It doesn't necessarily mean the charisma of a Martin Luther King or Billy Graham, etc. That kind of charisma has a different function than that of a political candidate charisma. The President/political candidate transmits vibes of being fully in control and strong and powerful and omnipotent. This is a dangerous kind of charisma.

It's the Donald Trump -- Barrack Obama -- Ronald Reagan MESSIAH/HERO kind of charisma to lead us to the Promised Land. A committee is less dramatic, less entertaining, less thrilling. But it would make better decisions, and would not be able to perpetrate the deception of the charismatic speech-maker demagogues we are getting and will get more of.

Charismatic is "exercising a compelling charm which inspires devotion in others". There is nothing to do with deceiving since it is the charmed who embody the word.

"embody the word"?

The charmed are the ones deceived by the leader/demagogue's charm. I.e., those who hear the "brilliant" speeches and are inspired to vote for the speech-maker who is good at lying to them in order to manipulate them to vote for him/her. That's the primary talent of the good speech-maker leader president demagogue. I.e., to manipulate the listeners to vote for him/her, whatever s/he has to say to accomplish this.

And there's no reason to think that those talented at giving such speeches would be good decision-makers. The talent to manipulate masses of voters is a totally different talent than that of making good decisions.
 

fromderinside

Mazzie Daius
Joined
Oct 6, 2008
Messages
15,514
Location
Local group: Solar system: Earth: NA: US: contiguo
Basic Beliefs
optimist
Charismatic is "exercising a compelling charm which inspires devotion in others". There is nothing to do with deceiving since it is the charmed who embody the word.

"embody the word"?

The charmed are the ones deceived by the leader/demagogue's charm. I.e., those who hear the "brilliant" speeches and are inspired to vote for the speech-maker who is good at lying to them in order to manipulate them to vote for him/her. That's the primary talent of the good speech-maker leader president demagogue. I.e., to manipulate the listeners to vote for him/her, whatever s/he has to say to accomplish this.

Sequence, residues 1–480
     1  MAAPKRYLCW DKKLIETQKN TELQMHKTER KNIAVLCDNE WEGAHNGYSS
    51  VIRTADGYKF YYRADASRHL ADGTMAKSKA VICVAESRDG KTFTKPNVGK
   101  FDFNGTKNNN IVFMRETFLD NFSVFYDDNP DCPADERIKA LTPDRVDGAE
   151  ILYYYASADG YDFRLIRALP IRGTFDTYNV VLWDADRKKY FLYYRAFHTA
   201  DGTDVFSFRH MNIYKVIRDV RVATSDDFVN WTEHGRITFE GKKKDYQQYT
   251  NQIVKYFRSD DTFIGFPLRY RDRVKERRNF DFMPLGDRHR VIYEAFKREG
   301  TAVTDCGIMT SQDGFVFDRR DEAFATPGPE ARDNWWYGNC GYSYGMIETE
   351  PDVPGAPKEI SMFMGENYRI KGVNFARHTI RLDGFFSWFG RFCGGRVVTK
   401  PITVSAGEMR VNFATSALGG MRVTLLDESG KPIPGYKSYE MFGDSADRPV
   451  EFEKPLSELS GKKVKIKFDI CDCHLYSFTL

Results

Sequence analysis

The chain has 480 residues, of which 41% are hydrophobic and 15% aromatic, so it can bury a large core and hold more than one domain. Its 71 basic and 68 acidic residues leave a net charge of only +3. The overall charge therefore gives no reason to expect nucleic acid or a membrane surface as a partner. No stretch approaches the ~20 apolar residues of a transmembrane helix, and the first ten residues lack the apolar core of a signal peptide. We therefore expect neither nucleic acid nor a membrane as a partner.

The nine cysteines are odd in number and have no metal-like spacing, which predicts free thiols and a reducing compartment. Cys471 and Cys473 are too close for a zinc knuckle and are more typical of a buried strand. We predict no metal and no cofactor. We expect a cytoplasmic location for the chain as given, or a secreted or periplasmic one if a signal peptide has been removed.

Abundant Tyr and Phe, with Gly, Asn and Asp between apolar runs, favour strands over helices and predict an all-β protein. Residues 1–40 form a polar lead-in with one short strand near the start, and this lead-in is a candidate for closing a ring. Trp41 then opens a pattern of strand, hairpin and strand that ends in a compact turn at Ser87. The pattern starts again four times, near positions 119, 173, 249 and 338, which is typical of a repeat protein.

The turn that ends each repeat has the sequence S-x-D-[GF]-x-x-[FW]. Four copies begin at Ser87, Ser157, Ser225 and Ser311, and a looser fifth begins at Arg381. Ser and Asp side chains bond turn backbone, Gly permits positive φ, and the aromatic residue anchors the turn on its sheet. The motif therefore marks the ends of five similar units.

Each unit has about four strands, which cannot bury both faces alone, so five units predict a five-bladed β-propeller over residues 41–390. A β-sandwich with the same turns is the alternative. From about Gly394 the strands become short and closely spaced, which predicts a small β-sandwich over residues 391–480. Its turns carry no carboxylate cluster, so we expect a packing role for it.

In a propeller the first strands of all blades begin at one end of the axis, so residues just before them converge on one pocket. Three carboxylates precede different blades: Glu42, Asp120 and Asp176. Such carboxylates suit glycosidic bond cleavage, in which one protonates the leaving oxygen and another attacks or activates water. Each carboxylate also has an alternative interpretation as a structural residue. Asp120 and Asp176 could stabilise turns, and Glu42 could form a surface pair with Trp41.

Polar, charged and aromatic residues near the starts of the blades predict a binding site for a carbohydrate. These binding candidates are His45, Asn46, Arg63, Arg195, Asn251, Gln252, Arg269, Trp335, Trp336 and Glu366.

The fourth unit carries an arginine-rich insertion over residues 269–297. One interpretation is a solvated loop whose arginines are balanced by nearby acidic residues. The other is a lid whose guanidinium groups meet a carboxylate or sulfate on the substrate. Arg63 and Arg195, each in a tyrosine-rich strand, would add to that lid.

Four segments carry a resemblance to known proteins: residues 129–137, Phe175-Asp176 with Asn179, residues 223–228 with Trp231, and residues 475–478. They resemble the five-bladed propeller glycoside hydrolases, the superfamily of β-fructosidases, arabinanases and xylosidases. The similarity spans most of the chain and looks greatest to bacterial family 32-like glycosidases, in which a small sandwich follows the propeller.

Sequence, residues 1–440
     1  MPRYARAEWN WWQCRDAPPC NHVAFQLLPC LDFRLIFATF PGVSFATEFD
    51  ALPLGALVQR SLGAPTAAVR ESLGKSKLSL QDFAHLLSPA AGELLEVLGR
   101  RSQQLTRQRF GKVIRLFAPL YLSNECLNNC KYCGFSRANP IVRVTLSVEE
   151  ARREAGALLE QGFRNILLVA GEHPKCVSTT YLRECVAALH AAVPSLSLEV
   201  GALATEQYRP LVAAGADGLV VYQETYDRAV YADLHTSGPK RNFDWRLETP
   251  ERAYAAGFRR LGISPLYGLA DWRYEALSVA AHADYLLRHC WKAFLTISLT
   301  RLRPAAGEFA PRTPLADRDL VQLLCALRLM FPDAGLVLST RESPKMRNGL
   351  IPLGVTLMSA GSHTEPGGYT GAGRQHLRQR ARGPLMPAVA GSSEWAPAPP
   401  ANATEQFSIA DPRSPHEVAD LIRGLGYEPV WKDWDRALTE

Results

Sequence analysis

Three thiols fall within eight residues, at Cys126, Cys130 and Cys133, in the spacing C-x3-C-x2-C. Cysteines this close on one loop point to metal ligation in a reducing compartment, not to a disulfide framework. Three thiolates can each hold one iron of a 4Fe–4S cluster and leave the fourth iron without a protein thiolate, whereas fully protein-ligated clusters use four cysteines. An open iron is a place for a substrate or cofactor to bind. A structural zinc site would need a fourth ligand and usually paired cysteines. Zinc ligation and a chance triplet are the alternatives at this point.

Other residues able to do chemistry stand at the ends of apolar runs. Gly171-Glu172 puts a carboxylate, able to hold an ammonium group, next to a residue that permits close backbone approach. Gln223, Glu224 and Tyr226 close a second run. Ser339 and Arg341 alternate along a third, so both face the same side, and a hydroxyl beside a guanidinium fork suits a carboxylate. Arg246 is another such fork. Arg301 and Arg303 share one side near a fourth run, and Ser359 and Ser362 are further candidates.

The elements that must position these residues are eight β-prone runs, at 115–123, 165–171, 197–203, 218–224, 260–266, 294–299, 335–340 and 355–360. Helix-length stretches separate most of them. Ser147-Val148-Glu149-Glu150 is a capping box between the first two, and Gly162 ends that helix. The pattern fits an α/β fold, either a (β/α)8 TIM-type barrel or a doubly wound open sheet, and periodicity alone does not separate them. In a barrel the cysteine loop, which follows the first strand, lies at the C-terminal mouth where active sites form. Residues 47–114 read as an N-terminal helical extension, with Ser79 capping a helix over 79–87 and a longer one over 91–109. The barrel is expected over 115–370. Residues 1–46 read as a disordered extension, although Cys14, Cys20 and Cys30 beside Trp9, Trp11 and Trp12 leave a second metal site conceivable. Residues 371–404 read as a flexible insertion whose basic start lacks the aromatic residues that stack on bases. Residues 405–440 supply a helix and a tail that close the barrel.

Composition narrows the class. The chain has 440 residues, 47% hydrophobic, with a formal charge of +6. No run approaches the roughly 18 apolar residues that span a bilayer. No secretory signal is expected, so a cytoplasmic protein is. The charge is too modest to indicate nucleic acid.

And there's no reason to think that those talented at giving such speeches would be good decision-makers. The talent to manipulate masses of voters is a totally different talent than that of making good decisions.

There you go. You shift from measurement outcomes of material evidence as explanation to cause and effect for what is seen as explanation.
 

steve_bank

Diabetic retinopathy and poor eyesight. Typos ...
Joined
Nov 10, 2017
Messages
9,356
Location
seattle
Basic Beliefs
secular-skeptic
The founders could not have foreseen the scope and complexity of today.
I would have to disagree. Human nature and human interactions have not changed since the days of ancient Greece. Differences in technology does not change that. The only change is the number of people in the groups interacting. Where there was once tens or hundreds of thousands in the groups, now there are tens or hundreds of millions in those groups.